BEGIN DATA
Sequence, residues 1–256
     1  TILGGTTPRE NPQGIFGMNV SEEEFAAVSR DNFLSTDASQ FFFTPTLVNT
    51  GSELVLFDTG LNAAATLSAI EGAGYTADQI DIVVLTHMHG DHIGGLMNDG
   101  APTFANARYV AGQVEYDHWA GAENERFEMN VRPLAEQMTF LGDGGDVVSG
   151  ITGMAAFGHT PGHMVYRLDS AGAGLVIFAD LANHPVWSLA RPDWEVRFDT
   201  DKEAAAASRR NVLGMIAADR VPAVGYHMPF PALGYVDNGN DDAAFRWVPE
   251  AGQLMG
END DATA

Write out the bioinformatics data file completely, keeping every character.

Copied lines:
Sequence, residues 1–256
     1  TILGGTTPRE NPQGIFGMNV SEEEFAAVSR DNFLSTDASQ FFFTPTLVNT
    51  GSELVLFDTG LNAAATLSAI EGAGYTADQI DIVVLTHMHG DHIGGLMNDG
   101  APTFANARYV AGQVEYDHWA GAENERFEMN VRPLAEQMTF LGDGGDVVSG
   151  ITGMAAFGHT PGHMVYRLDS AGAGLVIFAD LANHPVWSLA RPDWEVRFDT
   201  DKEAAAASRR NVLGMIAADR VPAVGYHMPF PALGYVDNGN DDAAFRWVPE
   251  AGQLMG